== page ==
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Usyk, The All-Time Great & Everything Else

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Usyk, The All-Time Great

Oleksandr Usyk was the subplot going into his rematch with Anthony Joshua in Saudi Arabia yesterday. The bout wasn’t the first fight – Usyk wasn’t as impressive, which made his win in another way that much more impressive. Joshua came to win and focused on the body much more, yet after a strong eighth and ninth round, Usyk swept the final three rounds to win a comfortable, split decision….

Usyk is one of the most interesting fighters ever in the sense his accolades outweigh nearly any modern fighter, but his lack of exposure in the U.S., and only fighting in the United Kingdom when either being set up as a b-side or coming in as the opponent has seen Usyk become a dog of war. An undisputed cruiserweight champion who now holds all, but one world title at heavyweight, and more impressively has won each belt on the road, across two divisions – cruiserweight and heavyweight. Even more so, Usyk fought this fight while his country, Ukraine is at war, and Usyk at times was fighting in the war.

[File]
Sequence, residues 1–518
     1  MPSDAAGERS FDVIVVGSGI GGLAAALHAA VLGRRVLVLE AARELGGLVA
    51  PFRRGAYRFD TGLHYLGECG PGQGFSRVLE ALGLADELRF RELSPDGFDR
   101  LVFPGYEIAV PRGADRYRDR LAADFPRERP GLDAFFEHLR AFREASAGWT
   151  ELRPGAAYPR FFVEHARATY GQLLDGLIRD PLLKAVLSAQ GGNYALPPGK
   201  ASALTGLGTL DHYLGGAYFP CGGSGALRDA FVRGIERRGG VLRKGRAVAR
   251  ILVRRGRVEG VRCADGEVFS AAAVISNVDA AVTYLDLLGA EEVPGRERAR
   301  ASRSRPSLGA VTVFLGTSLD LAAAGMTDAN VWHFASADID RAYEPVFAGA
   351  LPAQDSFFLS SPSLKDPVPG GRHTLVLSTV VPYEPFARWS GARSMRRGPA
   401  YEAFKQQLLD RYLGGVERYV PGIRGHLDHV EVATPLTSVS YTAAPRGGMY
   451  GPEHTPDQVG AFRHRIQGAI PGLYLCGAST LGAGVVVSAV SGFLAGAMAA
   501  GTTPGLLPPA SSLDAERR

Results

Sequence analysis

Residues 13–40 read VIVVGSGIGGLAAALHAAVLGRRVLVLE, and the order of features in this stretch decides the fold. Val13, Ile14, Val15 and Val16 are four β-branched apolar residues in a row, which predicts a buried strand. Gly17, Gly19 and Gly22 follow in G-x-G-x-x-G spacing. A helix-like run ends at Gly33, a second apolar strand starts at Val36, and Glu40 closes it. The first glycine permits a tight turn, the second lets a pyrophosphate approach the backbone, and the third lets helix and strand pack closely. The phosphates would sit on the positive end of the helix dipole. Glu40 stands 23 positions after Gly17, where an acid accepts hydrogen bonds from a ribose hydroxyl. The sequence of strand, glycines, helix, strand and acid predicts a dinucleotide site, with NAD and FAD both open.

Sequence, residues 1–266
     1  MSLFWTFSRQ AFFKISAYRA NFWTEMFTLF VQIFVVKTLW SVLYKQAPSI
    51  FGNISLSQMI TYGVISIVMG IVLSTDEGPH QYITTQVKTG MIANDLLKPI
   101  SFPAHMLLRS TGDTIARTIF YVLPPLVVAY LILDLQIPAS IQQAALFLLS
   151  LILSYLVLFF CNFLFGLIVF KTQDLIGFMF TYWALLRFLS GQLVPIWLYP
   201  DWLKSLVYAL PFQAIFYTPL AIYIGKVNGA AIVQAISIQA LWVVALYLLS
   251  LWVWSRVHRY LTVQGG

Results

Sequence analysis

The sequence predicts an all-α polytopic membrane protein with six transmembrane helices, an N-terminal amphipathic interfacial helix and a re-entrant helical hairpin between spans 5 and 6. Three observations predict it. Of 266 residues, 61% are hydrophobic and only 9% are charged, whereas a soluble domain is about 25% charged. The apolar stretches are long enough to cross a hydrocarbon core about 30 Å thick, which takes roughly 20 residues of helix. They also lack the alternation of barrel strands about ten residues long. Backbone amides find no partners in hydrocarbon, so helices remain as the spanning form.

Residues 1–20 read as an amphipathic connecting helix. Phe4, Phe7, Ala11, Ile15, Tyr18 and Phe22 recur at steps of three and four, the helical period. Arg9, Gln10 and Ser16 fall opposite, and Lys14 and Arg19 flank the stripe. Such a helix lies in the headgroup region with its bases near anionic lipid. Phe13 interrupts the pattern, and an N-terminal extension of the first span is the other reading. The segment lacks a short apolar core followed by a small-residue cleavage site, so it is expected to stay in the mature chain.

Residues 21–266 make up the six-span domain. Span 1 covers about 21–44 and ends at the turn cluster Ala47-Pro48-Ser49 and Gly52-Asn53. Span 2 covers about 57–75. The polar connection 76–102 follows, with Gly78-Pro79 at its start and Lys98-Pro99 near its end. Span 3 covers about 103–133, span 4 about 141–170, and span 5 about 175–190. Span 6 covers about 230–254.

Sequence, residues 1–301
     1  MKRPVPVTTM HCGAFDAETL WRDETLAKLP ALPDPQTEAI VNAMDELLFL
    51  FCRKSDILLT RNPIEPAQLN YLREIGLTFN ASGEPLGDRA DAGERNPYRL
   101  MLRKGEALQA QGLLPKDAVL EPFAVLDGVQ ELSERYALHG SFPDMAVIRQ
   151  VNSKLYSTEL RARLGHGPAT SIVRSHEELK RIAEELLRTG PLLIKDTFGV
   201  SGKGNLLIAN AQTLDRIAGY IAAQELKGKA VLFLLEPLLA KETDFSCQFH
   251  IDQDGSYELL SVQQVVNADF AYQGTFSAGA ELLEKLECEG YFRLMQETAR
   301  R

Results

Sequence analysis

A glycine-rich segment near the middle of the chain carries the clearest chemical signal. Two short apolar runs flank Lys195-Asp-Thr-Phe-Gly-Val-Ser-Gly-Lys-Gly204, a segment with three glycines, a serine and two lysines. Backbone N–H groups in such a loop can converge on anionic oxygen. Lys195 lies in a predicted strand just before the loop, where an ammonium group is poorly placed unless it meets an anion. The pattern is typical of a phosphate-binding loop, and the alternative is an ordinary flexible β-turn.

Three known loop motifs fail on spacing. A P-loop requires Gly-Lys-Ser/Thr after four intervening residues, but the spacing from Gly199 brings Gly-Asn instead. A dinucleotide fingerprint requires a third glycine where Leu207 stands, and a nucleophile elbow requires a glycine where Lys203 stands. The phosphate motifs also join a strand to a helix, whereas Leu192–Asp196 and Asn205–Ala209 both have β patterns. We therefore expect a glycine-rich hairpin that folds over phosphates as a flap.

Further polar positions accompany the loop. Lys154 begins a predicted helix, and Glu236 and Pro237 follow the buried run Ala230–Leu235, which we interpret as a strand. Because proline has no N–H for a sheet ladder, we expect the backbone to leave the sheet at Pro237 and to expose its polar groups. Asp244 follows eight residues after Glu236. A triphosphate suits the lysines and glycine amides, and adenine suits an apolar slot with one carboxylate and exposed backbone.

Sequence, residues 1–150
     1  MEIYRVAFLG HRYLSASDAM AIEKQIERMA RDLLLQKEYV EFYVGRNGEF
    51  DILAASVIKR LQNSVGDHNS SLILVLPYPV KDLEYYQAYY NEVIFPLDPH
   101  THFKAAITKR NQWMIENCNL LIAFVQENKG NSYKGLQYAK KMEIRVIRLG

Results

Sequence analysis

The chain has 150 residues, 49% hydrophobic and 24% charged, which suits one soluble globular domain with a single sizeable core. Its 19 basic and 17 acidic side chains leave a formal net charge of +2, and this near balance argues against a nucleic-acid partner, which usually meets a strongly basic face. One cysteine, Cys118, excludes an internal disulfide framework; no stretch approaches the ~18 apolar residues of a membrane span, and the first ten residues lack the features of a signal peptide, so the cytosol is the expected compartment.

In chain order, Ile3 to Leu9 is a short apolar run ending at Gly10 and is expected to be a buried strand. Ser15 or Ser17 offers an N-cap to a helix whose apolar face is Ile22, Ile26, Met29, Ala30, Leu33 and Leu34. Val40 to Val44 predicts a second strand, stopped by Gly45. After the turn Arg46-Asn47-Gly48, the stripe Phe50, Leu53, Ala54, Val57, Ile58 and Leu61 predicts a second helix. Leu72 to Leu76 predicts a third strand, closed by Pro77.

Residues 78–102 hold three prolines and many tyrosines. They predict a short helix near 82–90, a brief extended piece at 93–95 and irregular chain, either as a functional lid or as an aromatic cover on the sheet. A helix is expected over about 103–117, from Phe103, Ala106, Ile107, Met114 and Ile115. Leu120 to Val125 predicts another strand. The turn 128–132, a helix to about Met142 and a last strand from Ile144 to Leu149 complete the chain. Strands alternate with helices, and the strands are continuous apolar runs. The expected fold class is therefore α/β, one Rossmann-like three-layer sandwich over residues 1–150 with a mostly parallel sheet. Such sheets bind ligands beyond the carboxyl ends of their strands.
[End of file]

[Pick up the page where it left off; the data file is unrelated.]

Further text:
Usyk is not the modern fighter, everything is about glory – and historical relevancy. Usyk to me is the greatest cruiserweight to ever live, and a fascinating fighter to think about from a historical sense as he can box without moving too much, and has the hand speed of a middleweight that seemingly stops bigger fighters from jabbing a lot. That being said, his social media isn’t full of call-outs, he is an older fighter, and essentially he lives and dies by competition not followers on his social media accounts.

It is hard to do a true tribute to Usyk because his skills make him a star, but Usyk is an ambassador of boxing the opposite of the modern era, in which fighters are built up and created to be what they become. Usyk earned his right at the top of the sport. Usyk is what the U.K. wanted to be, but Usyk simply showed that they had been sold a dream.